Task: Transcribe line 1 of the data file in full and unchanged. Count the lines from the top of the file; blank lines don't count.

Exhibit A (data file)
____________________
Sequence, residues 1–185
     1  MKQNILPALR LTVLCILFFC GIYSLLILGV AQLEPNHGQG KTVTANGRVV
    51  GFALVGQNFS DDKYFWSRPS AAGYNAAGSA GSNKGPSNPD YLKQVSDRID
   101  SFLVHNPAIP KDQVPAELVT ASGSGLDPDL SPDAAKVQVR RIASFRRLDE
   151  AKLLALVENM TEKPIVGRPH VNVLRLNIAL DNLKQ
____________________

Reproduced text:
Sequence, residues 1–185